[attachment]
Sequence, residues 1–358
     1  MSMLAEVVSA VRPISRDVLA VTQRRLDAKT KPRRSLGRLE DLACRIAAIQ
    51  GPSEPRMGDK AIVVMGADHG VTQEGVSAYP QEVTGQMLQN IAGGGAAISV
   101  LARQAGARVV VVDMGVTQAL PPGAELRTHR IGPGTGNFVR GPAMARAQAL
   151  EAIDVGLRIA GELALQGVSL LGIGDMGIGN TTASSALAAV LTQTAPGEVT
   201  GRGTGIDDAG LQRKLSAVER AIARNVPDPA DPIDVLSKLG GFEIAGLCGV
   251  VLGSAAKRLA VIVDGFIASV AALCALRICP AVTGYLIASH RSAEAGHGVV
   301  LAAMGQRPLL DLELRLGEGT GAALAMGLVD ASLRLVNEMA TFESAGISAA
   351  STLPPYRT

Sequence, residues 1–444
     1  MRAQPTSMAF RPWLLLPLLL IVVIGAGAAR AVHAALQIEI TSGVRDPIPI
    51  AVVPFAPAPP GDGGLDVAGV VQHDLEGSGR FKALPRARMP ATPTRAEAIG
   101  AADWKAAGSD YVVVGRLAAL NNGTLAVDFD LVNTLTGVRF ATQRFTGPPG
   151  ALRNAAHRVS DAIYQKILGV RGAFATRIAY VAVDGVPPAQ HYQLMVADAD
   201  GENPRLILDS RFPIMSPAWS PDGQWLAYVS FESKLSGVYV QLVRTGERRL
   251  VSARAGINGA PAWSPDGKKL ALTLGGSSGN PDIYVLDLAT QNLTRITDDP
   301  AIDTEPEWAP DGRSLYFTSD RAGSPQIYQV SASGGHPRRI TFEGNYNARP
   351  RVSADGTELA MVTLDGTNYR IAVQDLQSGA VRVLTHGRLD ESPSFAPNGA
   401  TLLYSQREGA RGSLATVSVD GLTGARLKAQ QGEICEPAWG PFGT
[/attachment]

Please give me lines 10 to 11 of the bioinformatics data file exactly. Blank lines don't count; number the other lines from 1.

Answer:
Sequence, residues 1–444
     1  MRAQPTSMAF RPWLLLPLLL IVVIGAGAAR AVHAALQIEI TSGVRDPIPI